By Surgeon-Major Augustus R. Hall, Army Medical Department, in Medical charge, British


Fortress Gwalior.

Since in the

writing my paper last month, which appeared September number of the Indian Medical Gazette, I have had some cases of cholera, of a very severe type, Two of them proved fatal rapidly, the purging to treat. and vomiting being so incessant that the blood lost a very large quantity of serum in a very short time. Choral Hydrate was injected into the muscles in large quantities, but with no permanent benefit. Although they were forced to drink plenty of water, the stomach rejected even very small quantities immediately, and probably not any of it was absorbed. Now, we know

that very gr eat temporary benefit has often followed the injection of warm saline solutions into the veins, or into the rectum, in cholera collapse. But the effect

has not been lasting. And, on consideration, it may appear obvious that as long as the cause of the rapid loss of fluid from the blood continues in operation, the fresh liquid injected cannot be retained. But if, as is presumed here, that cause is essentially a state of undue

stimulation, or irritation of the sympathetic and


centres, and Chloral Hydrate is able to subdue that irritation in cases where the blood has lost so much serum that it cannot circulate so that the pulse can be felt at the wrist, a combination of the two methods of injection may be beneficial. The last case I have had, I saw at about 3 o'clock A. 11. Both heart sounds could be heard, and the pulse at the nerve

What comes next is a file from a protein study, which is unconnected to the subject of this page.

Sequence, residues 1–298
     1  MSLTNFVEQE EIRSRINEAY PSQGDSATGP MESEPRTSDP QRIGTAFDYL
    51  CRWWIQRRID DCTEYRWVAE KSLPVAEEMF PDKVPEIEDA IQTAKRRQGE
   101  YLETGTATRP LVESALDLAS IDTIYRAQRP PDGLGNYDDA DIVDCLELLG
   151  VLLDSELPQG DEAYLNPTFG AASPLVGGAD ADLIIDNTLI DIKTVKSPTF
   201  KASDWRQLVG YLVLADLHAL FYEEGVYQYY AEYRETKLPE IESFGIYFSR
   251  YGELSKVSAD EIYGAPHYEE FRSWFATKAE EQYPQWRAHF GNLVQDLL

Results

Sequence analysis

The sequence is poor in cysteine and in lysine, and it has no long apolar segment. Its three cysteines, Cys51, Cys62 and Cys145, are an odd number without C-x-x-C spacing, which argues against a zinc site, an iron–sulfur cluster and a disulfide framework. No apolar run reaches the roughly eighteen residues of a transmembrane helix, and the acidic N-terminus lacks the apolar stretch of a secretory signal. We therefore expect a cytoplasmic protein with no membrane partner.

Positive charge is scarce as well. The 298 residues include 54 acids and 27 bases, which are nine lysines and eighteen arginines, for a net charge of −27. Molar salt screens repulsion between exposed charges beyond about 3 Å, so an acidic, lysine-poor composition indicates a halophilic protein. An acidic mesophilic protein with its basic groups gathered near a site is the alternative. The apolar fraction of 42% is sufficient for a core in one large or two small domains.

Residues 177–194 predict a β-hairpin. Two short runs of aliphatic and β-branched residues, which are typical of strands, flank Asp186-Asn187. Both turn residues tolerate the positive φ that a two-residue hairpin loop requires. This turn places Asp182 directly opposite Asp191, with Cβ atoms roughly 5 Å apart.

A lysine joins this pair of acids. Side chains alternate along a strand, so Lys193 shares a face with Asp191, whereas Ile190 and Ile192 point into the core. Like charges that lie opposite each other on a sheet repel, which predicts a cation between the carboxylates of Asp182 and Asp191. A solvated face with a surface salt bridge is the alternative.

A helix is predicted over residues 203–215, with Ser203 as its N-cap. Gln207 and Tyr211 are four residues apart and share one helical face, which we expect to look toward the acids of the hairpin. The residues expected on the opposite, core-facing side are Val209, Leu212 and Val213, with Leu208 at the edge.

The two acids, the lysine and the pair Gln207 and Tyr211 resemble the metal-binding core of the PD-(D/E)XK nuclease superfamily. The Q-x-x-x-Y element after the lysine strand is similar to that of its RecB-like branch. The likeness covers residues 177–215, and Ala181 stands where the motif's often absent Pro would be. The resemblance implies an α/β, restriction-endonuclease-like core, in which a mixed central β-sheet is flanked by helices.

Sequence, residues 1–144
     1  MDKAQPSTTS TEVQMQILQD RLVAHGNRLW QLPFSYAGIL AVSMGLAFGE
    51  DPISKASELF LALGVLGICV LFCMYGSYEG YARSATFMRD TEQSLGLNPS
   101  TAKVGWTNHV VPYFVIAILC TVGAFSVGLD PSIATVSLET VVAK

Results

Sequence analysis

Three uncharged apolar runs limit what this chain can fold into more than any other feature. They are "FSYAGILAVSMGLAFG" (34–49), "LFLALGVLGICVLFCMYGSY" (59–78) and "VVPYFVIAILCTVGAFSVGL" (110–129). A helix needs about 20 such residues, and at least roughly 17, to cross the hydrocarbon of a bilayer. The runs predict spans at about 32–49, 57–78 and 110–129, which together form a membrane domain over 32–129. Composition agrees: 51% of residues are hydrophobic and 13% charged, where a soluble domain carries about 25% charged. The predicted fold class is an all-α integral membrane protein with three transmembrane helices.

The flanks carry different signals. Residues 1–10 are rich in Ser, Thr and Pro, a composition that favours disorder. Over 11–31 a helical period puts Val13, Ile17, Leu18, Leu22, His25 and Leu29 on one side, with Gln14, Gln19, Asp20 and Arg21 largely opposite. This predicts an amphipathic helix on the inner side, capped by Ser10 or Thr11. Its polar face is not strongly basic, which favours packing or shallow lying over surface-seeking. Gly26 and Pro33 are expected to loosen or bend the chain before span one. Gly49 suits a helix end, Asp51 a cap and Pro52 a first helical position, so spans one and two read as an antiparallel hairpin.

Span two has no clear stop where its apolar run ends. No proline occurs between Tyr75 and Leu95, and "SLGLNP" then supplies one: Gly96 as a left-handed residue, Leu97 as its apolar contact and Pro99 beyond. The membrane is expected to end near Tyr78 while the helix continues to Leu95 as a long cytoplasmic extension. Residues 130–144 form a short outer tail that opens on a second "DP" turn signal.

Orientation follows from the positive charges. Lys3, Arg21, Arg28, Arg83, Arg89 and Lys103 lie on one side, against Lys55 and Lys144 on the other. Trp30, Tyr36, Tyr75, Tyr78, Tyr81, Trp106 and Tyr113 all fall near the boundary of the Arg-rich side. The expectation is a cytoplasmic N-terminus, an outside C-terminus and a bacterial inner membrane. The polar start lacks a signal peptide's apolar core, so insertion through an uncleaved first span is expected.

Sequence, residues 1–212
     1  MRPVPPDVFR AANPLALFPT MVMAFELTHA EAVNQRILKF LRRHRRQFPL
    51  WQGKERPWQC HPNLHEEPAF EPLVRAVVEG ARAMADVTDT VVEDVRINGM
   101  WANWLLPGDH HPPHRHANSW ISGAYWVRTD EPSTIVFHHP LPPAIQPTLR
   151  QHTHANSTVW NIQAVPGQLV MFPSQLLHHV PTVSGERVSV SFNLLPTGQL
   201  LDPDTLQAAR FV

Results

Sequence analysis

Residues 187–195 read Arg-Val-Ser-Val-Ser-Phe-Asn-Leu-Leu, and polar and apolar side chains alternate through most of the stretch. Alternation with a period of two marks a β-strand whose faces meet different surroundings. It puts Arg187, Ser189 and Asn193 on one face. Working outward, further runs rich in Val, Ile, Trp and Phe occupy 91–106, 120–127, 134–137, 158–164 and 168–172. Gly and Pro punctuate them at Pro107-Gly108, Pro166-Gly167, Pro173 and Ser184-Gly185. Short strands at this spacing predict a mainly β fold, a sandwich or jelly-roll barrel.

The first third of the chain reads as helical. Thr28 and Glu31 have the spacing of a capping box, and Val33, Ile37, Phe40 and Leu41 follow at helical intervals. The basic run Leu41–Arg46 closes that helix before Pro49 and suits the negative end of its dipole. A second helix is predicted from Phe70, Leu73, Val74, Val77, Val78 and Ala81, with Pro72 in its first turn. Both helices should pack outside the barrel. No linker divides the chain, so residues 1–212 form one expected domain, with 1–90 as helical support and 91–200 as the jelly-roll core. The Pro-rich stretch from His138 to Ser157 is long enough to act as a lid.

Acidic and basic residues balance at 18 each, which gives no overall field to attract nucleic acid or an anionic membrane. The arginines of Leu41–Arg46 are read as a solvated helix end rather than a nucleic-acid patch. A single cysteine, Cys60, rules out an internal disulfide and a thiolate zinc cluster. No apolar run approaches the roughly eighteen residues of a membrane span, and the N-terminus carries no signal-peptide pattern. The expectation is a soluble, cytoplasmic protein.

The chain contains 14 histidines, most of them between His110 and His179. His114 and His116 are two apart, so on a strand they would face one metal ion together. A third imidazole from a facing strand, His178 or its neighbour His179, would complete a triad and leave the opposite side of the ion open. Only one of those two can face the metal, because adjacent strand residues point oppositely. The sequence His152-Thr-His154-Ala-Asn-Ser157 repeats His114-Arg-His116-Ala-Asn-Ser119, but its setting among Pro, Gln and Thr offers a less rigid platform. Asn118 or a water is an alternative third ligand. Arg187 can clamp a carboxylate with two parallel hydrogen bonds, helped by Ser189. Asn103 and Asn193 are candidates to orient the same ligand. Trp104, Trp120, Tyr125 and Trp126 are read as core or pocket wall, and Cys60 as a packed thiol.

wrist was then pretty distinct; but vomiting and purging were very severe, hands very cold and shrivelled, although the temperature in the axilla was 97-2? F. He had twenty-four grains of chloral put into his muscles, and eighty grains given by stomach, fifty of which lie

retained, within seven hours. But about 10 o'clock the pulse could not be felt at the ivrist; so, although there was a great deal of diarrhoea, an enema of water, about 1(J0? F. temperature, was administered,?two pints being into the rectum. It came away in a few miThe idea then struck me that the man's bladder was empty, and that it might be utilized. I consequently passed a large-sized catheter, and with an ordinary glass syringe squirted some water of 100? F. temperature

pumped nutes.